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Orlando Magic 109, Golden State Warriors 98

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Jameer Nelson of the Orlando Magic shoots against the Golden State Warriors on Monday night. The Magic won, 109-98, thaks in large part to Nelson's 32 points

Photo by Rocky Widner, NBAE/Getty Images

Golden State of Mind, SB Nation's Warriors blog, predicted before tonight's game that Jameer Nelson would "embarrass" the Dubs. They also predicted the Warriors would win by a single point. One of those predictions came true, and it was the one that favored the Magic. Nelson tied a career-high with 32 points and helped the Magic overcome another poor shooting performance by Hedo Turkoglu and close a five-game Western road trip with a 4-1 record.

Team Pace Efficiency eFG% FT Rate OReb% TO Rate
Magic 98 111.2 53.2% 9.6 30.4 13.3
Warriors 100.0 44.5% 18.7 30.2 16.3

By and large the Warriors struggled offensively. Stephen Jackson, Jamal Crawford, and Kelenna Azubuike combined to shoot 11-of-45 for 34 points. If they ran a single play the entire game, I didn't see it. They were content to try to take their man off the dribble, which worked to the Magic's advantage. Orlando encountered trouble when the Warriors were able to get by their first man. The initial rotation to the balhandler on his way to the hoop was good enough, but often there wasn't another rotation to take away the offensive rebound. Although the Magic held a slight advantage in total offensive rebound percentage, they still allowed the Warriors--and Andris Biedrins in particular--too many second chances. On another night, the Warriors may have been able to make Orlando pay. Tonight, though, their shots did not drop, and Orlando got the victory.

The Magic's offense wasn't too impressive; their high efficiency is more a reflection of Golden State's laughably bad defense than their own actual ability. Take, for instance, a late first-half fast break in which Keith Bogans received the ball on the left wing. I clamored for him to shoot the open three-pointer, but he instead drove into traffic. The Warriors' C.J. Watson was in perfect position to slide over and cut off KeBo's penetration, but when Keith got close enough, Watson ran the other way instead. Bogans thus got a layup the likes of which are usually only seen in pre-game warmups.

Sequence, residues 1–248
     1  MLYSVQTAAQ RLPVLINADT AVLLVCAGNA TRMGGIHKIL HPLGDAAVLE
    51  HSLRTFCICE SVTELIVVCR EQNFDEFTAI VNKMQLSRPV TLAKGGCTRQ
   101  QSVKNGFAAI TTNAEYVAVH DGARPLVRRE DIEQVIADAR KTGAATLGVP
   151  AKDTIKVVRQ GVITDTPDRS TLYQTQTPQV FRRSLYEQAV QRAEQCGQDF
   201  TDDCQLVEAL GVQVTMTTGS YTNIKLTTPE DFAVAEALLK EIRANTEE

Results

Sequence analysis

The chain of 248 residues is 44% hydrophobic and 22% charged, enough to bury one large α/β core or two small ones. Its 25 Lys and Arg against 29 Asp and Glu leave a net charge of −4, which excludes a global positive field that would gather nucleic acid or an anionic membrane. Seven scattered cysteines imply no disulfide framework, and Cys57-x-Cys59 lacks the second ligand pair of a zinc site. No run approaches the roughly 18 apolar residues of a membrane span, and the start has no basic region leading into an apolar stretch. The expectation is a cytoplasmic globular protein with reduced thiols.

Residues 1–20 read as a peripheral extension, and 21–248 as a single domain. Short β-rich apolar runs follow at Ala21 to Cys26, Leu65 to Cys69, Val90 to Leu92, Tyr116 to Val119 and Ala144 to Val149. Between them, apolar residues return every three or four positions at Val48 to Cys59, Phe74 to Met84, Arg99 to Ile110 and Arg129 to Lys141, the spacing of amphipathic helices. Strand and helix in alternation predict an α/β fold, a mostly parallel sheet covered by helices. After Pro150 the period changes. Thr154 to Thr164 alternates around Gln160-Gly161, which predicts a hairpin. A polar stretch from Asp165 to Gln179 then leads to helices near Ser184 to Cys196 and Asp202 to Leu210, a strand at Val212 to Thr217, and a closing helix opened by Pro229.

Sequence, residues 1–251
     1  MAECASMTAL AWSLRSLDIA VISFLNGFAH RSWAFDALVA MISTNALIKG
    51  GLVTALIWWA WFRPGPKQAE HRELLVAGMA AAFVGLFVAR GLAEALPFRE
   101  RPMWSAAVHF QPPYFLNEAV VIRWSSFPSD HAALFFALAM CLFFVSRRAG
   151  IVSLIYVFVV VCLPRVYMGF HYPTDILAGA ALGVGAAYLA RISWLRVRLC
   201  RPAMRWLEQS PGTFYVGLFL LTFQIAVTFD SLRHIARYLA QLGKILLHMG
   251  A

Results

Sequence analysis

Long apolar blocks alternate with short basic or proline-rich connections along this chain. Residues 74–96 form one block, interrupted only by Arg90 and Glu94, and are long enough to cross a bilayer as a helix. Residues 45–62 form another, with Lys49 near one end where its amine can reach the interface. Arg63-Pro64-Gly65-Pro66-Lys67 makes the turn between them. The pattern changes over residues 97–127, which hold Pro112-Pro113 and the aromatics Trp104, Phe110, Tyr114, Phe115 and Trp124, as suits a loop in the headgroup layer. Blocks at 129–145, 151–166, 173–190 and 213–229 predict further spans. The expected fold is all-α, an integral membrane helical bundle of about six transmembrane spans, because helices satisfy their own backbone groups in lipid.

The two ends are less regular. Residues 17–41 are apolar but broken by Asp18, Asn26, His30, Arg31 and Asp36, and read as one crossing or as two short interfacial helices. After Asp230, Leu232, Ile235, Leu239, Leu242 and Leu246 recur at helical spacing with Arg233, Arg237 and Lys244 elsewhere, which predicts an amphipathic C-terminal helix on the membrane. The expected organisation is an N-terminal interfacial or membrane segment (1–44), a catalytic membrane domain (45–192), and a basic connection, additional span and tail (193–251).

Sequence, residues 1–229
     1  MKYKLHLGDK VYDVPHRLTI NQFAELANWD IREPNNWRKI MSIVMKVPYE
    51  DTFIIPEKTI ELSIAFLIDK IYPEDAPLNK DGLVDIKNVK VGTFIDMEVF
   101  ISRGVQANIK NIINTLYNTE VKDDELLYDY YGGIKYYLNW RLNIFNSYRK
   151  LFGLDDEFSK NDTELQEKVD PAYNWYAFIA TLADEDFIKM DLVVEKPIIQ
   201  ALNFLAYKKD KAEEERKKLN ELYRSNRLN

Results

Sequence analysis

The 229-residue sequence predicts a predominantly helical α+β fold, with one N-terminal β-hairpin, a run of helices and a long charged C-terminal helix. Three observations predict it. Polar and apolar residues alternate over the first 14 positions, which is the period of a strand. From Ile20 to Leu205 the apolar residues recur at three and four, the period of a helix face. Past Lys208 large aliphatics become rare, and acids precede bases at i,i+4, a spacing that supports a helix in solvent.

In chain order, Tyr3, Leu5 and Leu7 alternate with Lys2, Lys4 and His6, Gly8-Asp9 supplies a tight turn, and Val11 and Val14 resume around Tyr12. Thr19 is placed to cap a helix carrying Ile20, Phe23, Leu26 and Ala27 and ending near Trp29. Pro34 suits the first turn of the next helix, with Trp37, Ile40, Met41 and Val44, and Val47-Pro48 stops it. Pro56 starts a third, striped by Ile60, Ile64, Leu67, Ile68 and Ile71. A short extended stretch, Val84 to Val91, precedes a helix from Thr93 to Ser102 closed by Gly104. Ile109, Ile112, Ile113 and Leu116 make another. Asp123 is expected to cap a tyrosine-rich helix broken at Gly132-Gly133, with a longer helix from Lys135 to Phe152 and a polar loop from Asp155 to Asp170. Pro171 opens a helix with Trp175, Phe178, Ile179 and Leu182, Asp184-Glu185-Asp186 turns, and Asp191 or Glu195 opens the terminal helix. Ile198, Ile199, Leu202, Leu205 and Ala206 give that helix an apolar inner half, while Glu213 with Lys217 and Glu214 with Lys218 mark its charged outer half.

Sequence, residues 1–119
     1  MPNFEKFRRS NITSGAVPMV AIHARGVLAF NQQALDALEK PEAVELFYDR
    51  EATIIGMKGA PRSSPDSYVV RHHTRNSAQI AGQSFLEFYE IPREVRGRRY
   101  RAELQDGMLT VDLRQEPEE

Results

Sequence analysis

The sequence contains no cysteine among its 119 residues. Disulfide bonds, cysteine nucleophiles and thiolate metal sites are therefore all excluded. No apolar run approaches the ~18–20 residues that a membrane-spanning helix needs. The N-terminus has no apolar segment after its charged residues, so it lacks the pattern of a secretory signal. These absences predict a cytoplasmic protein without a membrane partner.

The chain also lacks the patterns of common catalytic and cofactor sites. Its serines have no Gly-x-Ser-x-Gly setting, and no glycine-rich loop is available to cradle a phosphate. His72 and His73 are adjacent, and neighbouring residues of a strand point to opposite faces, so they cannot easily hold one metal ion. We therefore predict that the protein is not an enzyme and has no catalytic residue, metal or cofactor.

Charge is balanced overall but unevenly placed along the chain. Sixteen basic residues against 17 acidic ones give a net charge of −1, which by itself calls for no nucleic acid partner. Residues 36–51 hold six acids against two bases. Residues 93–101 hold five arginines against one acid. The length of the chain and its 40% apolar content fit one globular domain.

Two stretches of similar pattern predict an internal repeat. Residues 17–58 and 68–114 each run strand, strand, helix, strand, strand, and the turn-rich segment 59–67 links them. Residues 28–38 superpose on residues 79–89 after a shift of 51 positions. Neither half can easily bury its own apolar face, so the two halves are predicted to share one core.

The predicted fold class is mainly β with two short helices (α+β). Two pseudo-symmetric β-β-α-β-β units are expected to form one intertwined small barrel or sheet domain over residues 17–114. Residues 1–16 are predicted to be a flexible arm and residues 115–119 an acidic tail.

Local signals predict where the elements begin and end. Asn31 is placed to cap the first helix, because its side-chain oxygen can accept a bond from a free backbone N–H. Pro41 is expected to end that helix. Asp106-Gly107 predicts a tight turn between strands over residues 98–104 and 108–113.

Marcin Gortat had another fine game for Orlando and tallied 16 points, 13 rebounds (7 offensive), and 3 blocks in his second career start. His touch around the basket could use some work, but overall he's shown that he belongs in this team's rotation. Perhaps Tony Battie, who had a horrendous offensive game with 1-of-8 shooting, could slide to the backup power forward slot to make room for Gortat as Dwight Howard's primary backup. Gortat doesn't make too many mistakes on either end, and actually showed some passing acumen when he essentially deflected a Hedo Turkoglu pass away from him and toward a wide-open Nelson in the right corner for one of Jameer's five three-pointers.

Nelson really was something else. He scored 15 points in the third quarter to hold off a bit of a Warriors rally. His passing numbers (4 turnovers, 3 assists) aren't impressive at all, but tonight Jameer was definitely looking for his own shot. You can't fault him for that, as he was absolutely feeling it. Every Magic player could have used a few more free throw attempts, but it's awfully hard to draw fouls when there aren't any defenders in the area to actually, you know, foul you. I hope I've made it clear just how bad Golden State's defense was.

Of course, Stan Van Gundy can't be too happy with his team's defensive performance, either. Marco Belinelli, one of those Summer-League Superstars whose skills have not translated to the NBA, joined Nelson in setting a career-high tonight. Belinelli was perhaps the only Warrior looking to set-up his teammates--he tied Crawford for the team lead in assists, with 6--and looked like the next Manu Ginobili, even against Courtney Lee, usually a defensive stickler. The Warriors' 58 second-half points, and the second-chance opportunities they enjoyed, will certainly make the game film.

Lee, for his part, was simply outstanding on offense. He shot 6-of-8 from the field, making both of his three-pointers, on his way to 16 points. He looks much more confident in his ability to create off the dribble, and his pull-up jumpers from the foul line have become very close to automatic. We should consider ourselves lucky to see such a talented, intelligent player start to "get it" in front of our very eyes. I'm not ready to call him a future superstar or anything, but right now, this draft pick looks like a real winner.

Anyway, it's nice to see the Magic go 4-1 on the road trip, especially since they had to play the final two-and-a-half games without Dwight Howard. Let's hope his knee is well rested for Thursday's nationally televised tilt with Tim Duncan and the surging San Antonio Spurs.